1.1 Intel® RAID configurations
If your motherboard supports Intel® Rapid Storage Technology, you can create RAID 0,
Please refer to your motherboard’s user manual for details on the actual supported RAID
If you want to install a Windows® operating system to a hard disk drive included in a RAID
set, you have to create a RAID driver disk and load the RAID driver during OS installation.
Refer to section 1.2 Creating a RAID driver disk for details.
1.1.1 RAID definitions
RAID 0 (Data striping)
parallel, interleaved stacks. Two hard disks perform the same work as a single drive but at a
sustained data transfer rate, double that of a single disk alone, thus improving data access
and storage. Use of two new identical hard disk drives is required for this setup.
RAID 1 (Data mirroring) copies and maintains an identical image of data from one drive to
a second drive. If one drive fails, the disk array management software directs all applications
to the surviving drive as it contains a complete copy of the data in the other drive. This RAID
Use two new drives or use an existing drive and a new drive for this setup. The new drive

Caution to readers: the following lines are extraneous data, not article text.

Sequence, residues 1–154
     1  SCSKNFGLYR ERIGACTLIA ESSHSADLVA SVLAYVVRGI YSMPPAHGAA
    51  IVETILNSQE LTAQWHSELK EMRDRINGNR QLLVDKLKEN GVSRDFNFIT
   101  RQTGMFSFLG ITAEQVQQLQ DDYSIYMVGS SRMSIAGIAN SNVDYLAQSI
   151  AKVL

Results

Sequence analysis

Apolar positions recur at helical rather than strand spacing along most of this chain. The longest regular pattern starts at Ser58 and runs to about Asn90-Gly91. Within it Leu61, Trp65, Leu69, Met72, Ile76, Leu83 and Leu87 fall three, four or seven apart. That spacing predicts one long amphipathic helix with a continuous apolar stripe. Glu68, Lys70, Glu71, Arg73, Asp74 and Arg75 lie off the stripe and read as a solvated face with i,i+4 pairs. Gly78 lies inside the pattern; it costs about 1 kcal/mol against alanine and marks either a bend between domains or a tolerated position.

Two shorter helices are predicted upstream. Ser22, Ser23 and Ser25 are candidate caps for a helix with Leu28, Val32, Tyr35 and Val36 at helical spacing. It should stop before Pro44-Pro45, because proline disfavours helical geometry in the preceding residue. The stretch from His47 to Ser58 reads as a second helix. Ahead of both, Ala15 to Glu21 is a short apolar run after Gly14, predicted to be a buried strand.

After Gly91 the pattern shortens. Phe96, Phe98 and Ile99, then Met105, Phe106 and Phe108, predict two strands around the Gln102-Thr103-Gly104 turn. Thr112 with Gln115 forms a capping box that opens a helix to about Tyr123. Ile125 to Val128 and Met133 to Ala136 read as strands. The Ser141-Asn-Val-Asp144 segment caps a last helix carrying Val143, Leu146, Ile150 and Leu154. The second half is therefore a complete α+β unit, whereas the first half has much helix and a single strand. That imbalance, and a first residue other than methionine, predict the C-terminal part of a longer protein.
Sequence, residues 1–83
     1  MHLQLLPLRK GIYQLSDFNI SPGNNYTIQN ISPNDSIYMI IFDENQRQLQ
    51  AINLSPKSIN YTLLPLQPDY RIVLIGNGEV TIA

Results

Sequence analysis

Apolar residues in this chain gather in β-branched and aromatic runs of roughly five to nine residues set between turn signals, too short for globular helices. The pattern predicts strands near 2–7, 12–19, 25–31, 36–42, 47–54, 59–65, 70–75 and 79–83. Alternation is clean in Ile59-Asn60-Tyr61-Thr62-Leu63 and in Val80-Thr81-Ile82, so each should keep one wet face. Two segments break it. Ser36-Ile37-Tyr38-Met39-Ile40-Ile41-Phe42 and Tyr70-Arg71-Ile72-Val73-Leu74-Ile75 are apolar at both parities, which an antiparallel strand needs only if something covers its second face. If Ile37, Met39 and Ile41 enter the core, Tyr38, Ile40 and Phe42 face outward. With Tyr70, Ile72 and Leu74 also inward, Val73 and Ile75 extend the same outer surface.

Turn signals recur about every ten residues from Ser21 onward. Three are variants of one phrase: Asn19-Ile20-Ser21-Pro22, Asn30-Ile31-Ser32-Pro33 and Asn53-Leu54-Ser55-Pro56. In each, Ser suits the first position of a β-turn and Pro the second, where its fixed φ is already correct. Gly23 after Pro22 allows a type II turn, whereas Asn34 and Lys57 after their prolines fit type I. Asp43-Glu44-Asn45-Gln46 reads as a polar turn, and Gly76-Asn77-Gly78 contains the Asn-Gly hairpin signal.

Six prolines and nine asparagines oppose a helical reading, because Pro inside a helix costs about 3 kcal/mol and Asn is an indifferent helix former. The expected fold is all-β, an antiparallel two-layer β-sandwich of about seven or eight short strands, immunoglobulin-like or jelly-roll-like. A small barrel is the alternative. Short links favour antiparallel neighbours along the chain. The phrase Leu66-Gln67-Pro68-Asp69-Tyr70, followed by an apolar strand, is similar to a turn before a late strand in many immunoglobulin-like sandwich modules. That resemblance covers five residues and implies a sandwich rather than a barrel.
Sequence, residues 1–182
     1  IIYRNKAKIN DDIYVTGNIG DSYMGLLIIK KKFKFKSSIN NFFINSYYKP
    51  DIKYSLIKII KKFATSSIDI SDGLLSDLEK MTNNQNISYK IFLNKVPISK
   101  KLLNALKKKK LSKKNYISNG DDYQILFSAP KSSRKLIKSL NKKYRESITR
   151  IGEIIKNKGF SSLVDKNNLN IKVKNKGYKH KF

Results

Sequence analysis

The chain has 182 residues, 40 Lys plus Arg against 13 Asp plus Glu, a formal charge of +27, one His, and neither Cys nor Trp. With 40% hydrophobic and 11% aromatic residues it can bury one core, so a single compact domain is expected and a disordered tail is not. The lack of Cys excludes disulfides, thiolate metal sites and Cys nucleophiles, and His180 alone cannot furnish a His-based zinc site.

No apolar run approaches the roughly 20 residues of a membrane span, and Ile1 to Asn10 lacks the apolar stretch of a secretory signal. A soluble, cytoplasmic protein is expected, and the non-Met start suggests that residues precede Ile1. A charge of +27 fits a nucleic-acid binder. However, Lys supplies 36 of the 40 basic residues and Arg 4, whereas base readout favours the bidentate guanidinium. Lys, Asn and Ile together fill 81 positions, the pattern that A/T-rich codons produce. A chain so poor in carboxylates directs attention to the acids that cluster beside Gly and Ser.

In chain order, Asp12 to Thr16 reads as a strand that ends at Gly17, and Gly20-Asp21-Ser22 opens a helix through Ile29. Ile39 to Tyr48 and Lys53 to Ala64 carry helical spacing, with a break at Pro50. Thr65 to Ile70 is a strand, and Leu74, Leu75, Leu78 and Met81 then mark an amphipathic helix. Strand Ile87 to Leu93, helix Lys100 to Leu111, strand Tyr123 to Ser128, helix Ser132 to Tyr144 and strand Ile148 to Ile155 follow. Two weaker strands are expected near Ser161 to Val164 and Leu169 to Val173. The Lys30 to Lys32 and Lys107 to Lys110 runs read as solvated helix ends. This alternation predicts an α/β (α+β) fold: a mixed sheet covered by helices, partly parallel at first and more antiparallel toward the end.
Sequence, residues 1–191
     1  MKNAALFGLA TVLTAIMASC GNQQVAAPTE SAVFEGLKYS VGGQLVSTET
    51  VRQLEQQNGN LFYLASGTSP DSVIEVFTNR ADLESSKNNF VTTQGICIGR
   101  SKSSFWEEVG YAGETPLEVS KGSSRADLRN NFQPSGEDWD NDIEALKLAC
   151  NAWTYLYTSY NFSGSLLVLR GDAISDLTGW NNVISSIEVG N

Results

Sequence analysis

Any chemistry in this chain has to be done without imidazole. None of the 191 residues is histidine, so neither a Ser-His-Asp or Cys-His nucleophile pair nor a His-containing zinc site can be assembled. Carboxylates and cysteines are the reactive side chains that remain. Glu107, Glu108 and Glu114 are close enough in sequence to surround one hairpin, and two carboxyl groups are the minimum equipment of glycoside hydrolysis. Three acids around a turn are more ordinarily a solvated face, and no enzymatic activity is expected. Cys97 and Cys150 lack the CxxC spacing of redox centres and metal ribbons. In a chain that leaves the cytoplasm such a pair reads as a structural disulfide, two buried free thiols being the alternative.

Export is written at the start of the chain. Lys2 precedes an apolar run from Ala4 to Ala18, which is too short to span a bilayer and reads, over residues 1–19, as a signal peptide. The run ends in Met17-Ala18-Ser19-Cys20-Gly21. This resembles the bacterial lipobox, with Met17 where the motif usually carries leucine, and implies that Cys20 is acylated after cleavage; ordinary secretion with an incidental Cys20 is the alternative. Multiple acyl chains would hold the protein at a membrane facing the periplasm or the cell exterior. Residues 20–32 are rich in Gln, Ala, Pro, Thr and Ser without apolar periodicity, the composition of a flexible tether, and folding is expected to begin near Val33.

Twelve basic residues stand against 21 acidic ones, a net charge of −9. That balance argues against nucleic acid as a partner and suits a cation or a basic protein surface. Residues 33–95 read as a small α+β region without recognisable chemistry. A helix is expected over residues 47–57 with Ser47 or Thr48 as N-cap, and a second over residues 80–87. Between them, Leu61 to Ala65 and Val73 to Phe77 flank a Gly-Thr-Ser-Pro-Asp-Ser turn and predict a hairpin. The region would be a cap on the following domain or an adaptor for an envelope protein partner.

RAID 5 stripes both data and parity information across three or more hard disk drives.
transaction processing, relational database applications, enterprise resource planning, and
other business systems. Use a minimum of three identical hard disk drives for this setup.
RAID 10 is data striping and data mirroring combined without parity (redundancy data)
drive and three new drives for this setup.
1.1.2 Installing storage devices
The motherboard supports Serial ATA hard disk drives and PCIE SSD storage devices. For
optimal performance, install identical drives of the same model and capacity when creating
a disk array.
Refer to Chapter 2 in your motherboard’s user manual for details on installing storage
devices to your motherboard.